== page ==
September 30th, 2010

beartato phd

(no subject)

Man I really did have a great time at this conference.

Tonight went out to a seafood place for dinner with people and tried crabcakes. Verdict: sorta tasty, but not super exciting. Talked with qedragon about quantum comp. Need to remember to check my calculations on one funny counterexample to see if I'm actually right about it or not. Had a really enjoyable discussion with chrisamaphone about logic and types and FP and academia and life. Sat down with Dan Licata trying to bang out some Agda code to embed the differential privacy thingy till about midnight when my brain started to completely fuzz over, but we made some good progress.

Oh and combinator emailed me to remind me that I should point out our CMU team won the Judge's prize for the ICFP programming contest! Woot! Major woots are specifically owed to Jim McCann, whose deviously clever asymptotically-one-gate-per-trit encoding is basically what we won the prize for. Although my zeroizer circuit still made it in there at the very beginning, so I can claim I helped in an amount that is O(1) I guess.
beartato phd

(no subject)

I'm in the Baltimore Amtrak station.

There is a synthesized robot voice making announcements about trains. It sounds very, very much like Portal's GLaDOS, a serene lullaby wafting up from the uncanny valley. There's nothing particularly sinister about what it says, however. At least not until it starts arguing with the human.

Attention Please, the robot voice says. This is a boarding call for Marc four two three. En route to Washington Union station. Passengers should proceed to gate track. For your safety, stand behind the PLATform safety strip until the train comes to a complete stop. Thank you for choosing Marc.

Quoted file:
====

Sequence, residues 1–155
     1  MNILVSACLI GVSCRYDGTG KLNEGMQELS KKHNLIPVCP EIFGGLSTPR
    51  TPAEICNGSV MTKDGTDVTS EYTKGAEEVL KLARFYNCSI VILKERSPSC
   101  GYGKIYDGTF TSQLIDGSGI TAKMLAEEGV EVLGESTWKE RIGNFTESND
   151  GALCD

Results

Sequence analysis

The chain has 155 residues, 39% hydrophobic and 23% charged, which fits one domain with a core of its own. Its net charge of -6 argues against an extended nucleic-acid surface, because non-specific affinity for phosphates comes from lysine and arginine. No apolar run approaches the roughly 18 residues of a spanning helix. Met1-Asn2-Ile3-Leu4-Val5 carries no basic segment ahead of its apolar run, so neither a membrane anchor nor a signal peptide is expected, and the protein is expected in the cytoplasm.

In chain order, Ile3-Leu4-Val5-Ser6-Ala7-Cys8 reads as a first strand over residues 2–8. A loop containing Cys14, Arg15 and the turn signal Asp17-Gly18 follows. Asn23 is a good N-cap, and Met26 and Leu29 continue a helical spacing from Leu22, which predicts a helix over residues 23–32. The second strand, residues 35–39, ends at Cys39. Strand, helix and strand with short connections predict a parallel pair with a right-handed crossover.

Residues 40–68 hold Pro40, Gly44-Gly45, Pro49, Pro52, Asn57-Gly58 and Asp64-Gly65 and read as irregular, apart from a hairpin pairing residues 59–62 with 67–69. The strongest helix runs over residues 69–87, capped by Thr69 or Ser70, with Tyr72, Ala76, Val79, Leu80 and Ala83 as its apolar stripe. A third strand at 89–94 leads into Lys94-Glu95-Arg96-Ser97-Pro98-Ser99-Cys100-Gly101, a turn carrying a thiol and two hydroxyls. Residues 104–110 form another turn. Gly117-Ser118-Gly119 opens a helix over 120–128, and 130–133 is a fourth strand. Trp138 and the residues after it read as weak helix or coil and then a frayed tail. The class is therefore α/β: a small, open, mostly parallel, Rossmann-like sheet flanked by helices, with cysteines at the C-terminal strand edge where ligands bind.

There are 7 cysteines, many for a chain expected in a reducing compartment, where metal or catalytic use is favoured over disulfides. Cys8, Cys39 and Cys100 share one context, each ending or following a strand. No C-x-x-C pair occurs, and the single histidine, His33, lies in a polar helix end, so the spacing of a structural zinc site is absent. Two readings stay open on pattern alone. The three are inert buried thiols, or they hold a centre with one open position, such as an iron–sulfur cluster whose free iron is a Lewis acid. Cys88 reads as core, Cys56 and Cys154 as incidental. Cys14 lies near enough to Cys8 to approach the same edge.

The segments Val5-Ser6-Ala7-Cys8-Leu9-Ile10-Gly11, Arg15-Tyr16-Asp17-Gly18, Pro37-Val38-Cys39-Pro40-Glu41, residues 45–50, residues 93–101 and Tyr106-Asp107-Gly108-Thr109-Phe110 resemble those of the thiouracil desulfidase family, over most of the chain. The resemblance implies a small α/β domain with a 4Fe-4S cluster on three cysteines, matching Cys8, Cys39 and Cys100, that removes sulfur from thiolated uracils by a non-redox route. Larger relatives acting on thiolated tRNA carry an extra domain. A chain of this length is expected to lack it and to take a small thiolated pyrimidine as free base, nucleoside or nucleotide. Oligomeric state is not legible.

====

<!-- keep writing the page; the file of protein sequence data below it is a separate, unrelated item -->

There's an eerie warbling formant on the first syllable of "platform".

"Please disgregard," says the human working the microphone at the front desk, "that announcement for the Marc! The train is not yet ready to board. I can't stop the automated system. Once again, please disregard this and all further boarding announcements. There will be an official announcement when the train is ready to board."

And it goes back and forth, back and forth. The robot saying, with inhuman patience, for the fifteenth time, that the train is ready to board, that passengers should proceed immediately to the train, with an almost-perceptible passive-aggressive edge to the tone of its voice, very pointedly not even acknowledging the human contradicting its message. The human insisting that the robot should not be trusted, apologizing that she is powerless to prevent it from broadcasting falsehoods.

I like sometimes that I am actually living in a dystopian future.